The crack epidemic of the late eighties and early nineties prompted the need for many chilling, unforgettable documentaries on newborns addicted to crack cocaine also know as “crack babies” as a means to draw attention to the epidemic’s smallest, most vulnerable victims.
Now, Duval County, FL ranks second in the state for the number of babies born addicted to opioids. Projected cuts to Medicaid under the current administration would indeed negatively impact the treatment of addicted mothers and their babies.
Well over fifty percent of Florida’s children are enrolled in Medicaid. When neonatal addiction issues are a part of the equation, this number reaches in excess of eighty to ninety percent.
Symptoms of addiction in babies include uncontrollable crying, difficulty breathing, seizures, failure to thrive, vomiting, and excessive diarrhea which can lead to skin breakdown.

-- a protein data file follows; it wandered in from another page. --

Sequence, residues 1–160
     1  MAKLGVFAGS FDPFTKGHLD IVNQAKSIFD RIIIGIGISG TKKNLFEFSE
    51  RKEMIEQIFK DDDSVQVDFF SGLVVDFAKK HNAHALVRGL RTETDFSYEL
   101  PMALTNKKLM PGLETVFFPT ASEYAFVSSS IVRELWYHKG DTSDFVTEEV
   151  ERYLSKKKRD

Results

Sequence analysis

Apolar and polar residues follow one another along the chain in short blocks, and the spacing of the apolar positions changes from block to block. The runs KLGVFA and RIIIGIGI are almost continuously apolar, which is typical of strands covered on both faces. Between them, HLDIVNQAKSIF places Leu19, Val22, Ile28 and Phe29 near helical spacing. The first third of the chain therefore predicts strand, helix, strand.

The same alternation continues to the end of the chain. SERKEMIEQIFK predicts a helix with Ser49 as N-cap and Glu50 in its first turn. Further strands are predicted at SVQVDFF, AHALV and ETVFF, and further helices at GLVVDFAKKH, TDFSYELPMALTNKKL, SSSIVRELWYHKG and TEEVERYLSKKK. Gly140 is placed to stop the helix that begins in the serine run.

Most babies born addicted to opioids are the result of unintended pregnancies. Many of these babies remain hospitalized anywhere from 2 weeks to a couple of months at a time.
Access to contraception as a means of cutting down on the number of babies born with drug addictions would certainly help. Projected efforts to make birth control less accessible and costly obviously will not. Quality of life is equally as important as life itself. A woman in the throws of addiction doesn’t have the ability to focus on responsible family planning and whether or not she can afford to properly care for a new baby.
Babies born to mothers struggling with opioid addiction are at higher risk for abuse, mental/behavioral health problems and even death well before adulthood.
Florida Medicaid needs to be strengthened and expanded, period.
We’re in the midst of an opioid epidemic here in Florida, it’s way past time for every elected official in the state to act like it, especially those who tout their pro-life values. No child asks to be born, much less born addicted.